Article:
Most of us grew up with hot water from a traditional hot water tank. Though they are still the most common way to heat water, particularly for homes, other methods are gaining in popularity. Compact residential boilers, solar water heating, and, most notably, instant or on-demand water heaters are more and more common.
Still The Most Popular
Although the traditional hot water tank remains the cheapest water heater to buy, it doesn’t make it the most economical choice for the long run. Smaller hot water storage tanks can be had for as little as $200 while a 40-gallon Rheem hot water tank starts at about $300 in Canada. You can also pay several times that amount for other tanks from Rheem or other manufacturers, such as Bradford White.
More expensive tanks are more robustly-constructed, have increased capacity and water heating speed as well as longer warranties.
How Long do Hot Water Tanks Last?
Many factors contribute to the life expectancy of a hot water tank, including the quality of the product. Other factors affecting the lifespan of a hot water tank include:
- How much it is used
- The quality of the water supply
Hot Water Tank Maintenance
Water isn’t pure, and lime and mineral sediments will shorten the tank’s life. Unless you have a self-cleaning tank, having it flushed every year or two will make it last longer. And if your water is from a private well, a water softener is an absolute must to preserve the tank and plumbing components throughout your home.
Typically, an electric hot water tank will last for about 10 years while gas-fired ones fail sooner due to combustion.
On-Demand Water Heaters
Also known as tankless or instant water heaters, these have been popular in Europe for decades, primarily because they take up so little space. Though they produce hot water within a couple of seconds, calling them “instant” can be misleading, particularly if they aren’t located right next to the faucet the hot water is coming out of.
On-demand water heaters (sometimes called ‘point-of-use’ heaters) are available from many manufacturers, including Rheem, Stiebel, Ecosmart and Rinnai.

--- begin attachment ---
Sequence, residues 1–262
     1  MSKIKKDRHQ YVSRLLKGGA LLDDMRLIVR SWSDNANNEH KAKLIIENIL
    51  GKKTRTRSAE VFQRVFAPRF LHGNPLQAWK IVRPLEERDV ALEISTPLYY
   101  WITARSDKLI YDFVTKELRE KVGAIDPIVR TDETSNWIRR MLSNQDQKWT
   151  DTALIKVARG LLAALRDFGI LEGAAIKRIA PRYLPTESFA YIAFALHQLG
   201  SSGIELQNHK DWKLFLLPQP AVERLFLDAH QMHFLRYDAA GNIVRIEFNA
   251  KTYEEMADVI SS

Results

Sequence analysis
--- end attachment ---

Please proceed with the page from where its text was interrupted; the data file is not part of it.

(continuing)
- Fuel savings: more efficient than traditional hot water tanks
- Lower water use because you don’t have to run water as long
- Unlimited hot water. Hot water tanks cool down as you draw water from them
- Less space required
- Safety: water temperature is more precisely controlled, eliminating temperature fluctuations and spikes
- Capacity is never reduced by sediment build-up, as in a traditional hot water tank
- More expensive to buy, though energy savings will eventually offset the difference
- Flow-dependent temperature; adjusting shower temperatures may take a little practice
- Water flow from a single tank-less water heater may not be enough to take a shower while your dishwasher is running. However, smaller, point-of-use heaters in each location where hot water is needed solves this issue
- No hot water during electricity outages
Are On-Demand Heaters Maintenance-Free?
The short answer is: no, they are not. Though they are not susceptible to sediment build-up as a hot water tank is, scale build-up inside pipes may be a concern. Talk to your local supplier of on-demand water heaters to see if they are right for you.
For people living in the Vancouver area, we offer full sales and service for both traditional hot water tanks and on-demand water heater. Call us for answers to all your questions about heating water for residential and commercial applications.